September 26, 2014
In the Book Notes series, authors create and discuss a music playlist that relates in some way to their recently published book.
Previous contributors include Bret Easton Ellis, Kate Christensen, Kevin Brockmeier, George Pelecanos, Dana Spiotta, Amy Bloom, Aimee Bender, Myla Goldberg, Heidi Julavits, Hari Kunzru, and many others.
Dmitri Samarov's illustrated memoir is a captivating account of the artist's time driving a cab.
Stream a playlist of these songs at Spotify.
Music has haunted me my whole life. I played violin from ages 6 to 14 and fought it through most of those years. I chose drawing and painting but could well have switched instruments and continued on making sounds. It just didn't happen, but music has never really gone too far away. I'd have to say it's as much of an influence on my art and writing as any book or picture ever was.
Where To? is my second book of illustrated work memoirs from my days driving a cab. It's a summing up of my 12 years behind the wheel in Boston and Chicago. I started driving upon graduating from The School of the Art Institute of Chicago in 1993 and moving back to Boston. The first few years I'd hear Bernard Herrmann's "Taxi Driver Theme" every time I drove over a steaming grate. That movie was my first frame of reference for the strange job I'd gotten myself into.
Boston wasn't ever a happy place for me. It's not a place that welcomes outsiders and I'd felt like one there ever since my family emigrated from the Soviet Union to Brookline, Massachusetts in 1978. There are certain songs that sum up a city and "24" by Sorry has always done that for Boston with its frustrated refrain about "turning something into nothing..."
One of the pleasures of cab-driving in Boston was the luxury of parking the cab and going to see bands at the Middle East, t.t. the bear's, The Rat and other holes-in-the-wall. From '93 to '97, I saw few bands more than Come. Songs like "New Coat" expressed the frustration and longing I felt from being alone, looking back at my college-years relationship, with no dating prospects or much hope of any kind.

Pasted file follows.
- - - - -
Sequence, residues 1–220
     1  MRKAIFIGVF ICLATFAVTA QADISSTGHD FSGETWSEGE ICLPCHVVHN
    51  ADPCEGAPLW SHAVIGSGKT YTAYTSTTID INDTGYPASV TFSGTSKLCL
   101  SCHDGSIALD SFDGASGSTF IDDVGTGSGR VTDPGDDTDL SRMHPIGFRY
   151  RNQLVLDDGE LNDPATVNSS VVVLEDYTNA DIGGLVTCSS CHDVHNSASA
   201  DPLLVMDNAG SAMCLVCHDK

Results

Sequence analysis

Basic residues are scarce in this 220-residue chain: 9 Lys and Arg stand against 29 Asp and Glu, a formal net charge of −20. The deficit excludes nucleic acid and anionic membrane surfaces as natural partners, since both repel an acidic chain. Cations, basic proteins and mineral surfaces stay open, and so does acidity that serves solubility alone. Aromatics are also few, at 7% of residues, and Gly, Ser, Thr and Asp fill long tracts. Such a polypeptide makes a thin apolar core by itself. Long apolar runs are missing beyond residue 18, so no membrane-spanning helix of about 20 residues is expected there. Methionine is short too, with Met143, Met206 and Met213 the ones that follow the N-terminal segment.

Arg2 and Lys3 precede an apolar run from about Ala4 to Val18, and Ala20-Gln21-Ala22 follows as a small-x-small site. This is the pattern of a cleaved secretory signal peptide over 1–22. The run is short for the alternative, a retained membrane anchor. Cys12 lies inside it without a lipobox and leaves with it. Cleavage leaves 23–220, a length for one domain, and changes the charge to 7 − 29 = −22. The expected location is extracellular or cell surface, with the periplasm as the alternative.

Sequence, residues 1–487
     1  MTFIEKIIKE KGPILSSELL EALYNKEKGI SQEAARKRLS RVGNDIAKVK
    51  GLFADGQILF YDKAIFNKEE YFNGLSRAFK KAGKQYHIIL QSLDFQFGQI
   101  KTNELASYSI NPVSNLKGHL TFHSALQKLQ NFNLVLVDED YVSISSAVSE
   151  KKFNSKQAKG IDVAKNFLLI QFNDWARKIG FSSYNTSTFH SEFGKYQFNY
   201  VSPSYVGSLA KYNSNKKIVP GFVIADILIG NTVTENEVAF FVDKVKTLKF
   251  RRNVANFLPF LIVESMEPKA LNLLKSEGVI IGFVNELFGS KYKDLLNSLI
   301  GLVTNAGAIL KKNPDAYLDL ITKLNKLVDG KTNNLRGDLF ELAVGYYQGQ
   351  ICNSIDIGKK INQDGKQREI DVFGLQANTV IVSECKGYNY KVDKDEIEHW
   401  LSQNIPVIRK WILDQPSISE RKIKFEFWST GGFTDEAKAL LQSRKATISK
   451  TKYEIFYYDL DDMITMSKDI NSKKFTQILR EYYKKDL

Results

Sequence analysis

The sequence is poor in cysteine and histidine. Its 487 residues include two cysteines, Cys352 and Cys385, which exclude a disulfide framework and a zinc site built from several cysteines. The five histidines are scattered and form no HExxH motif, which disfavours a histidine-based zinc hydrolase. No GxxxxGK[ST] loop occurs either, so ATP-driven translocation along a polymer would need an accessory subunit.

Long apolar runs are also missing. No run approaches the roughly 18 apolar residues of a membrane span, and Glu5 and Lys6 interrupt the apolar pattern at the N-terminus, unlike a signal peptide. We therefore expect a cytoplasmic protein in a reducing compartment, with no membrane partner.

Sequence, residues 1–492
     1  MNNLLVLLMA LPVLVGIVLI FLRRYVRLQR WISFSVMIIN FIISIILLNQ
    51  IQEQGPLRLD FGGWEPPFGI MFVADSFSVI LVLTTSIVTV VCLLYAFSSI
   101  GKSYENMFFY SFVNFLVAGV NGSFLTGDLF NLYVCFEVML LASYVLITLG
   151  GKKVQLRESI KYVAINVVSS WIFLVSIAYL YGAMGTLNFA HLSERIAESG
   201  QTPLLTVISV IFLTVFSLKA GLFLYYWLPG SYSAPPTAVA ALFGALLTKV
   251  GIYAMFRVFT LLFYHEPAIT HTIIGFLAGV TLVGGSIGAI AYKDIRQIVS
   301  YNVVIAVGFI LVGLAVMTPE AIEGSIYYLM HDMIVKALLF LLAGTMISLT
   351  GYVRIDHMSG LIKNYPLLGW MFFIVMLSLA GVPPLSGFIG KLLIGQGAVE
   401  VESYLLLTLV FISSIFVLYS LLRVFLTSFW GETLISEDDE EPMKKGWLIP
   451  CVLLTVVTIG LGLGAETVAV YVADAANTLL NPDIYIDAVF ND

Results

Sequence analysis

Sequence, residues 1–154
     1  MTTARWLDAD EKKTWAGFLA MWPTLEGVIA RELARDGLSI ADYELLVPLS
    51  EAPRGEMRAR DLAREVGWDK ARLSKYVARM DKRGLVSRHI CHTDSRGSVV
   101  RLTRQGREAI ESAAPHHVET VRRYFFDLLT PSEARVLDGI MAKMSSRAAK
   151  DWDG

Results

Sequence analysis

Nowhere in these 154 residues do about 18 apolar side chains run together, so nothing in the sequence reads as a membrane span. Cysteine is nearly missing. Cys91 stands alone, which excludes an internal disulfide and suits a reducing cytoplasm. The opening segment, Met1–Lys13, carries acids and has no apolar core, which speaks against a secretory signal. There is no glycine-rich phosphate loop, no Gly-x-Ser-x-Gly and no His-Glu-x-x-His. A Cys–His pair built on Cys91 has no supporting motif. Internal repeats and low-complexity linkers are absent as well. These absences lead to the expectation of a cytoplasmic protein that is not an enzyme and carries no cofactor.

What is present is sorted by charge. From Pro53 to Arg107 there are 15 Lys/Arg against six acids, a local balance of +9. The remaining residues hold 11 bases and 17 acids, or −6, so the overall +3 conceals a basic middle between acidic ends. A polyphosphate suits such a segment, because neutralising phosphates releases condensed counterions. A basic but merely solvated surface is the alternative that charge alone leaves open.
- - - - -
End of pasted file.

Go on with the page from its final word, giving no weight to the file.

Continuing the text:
The Cheater Slicks were another favorite. "I'm Grounded" and all of their Whiskey LP, really, were a go-to in the '90s. These bands any many others made the loneliness and confusion of my 20s a lot more bearable. There are records that I've gone back to—like Double Nickels on the Dime by Minutemen, Hüsker Dü's Zen Arcade, and Roland Kirk's Rip, Rig and Panic—which have served as barometers of my inner condition at various points. I couldn't point precisely to how they inspired particular pieces of art or writing but they're a constant, and thus inevitably part of my creative process.
When The Handsome Family sing about the wind screaming up Ashland Avenue in "The Woman Downstairs" I know that screaming wind all too well.
David Berman singing about wanting to be like water if he can in Silver Jews' "Horseleg Swastikas" seemed like good advice on nights when I was ready to snap at the nth group of drunk fratboys giving me a hard time on a Saturday night. The couple hours at the Empty Bottle or the Hideout, when I could draw people onstage playing their songs made the 12-16 hours behind the wheel fade away.
In my last few years of driving I got to know some of the people that made the music and even got to work with them occasionally. Whenever I hear songs like "Yours for Today" I remember the time I took a break and ran into Azita at a bar and she asked me to paint the cover for her record. It was due a week from that night. Cab-driving allowed me to do things like that. No one called wondering where I was when I wasn't driving. The company got their money in advance so they were happy my cab was parked on Western Avenue rather than wearing down from use.
I drove Lou Reed once when he was in town for Lollapalooza. I wracked my brain the whole ride for something to say but could only mumble, "Thanks for the music". I think he was glad not have to make smalltalk. Dozens of his songs were soundtracks in my cab, but a few like "Perfect Day" stuck around like regular passengers through all those years.
Dmitry Samarov and Where To?: A Hack Memoir links:
also at Largehearted Boy:
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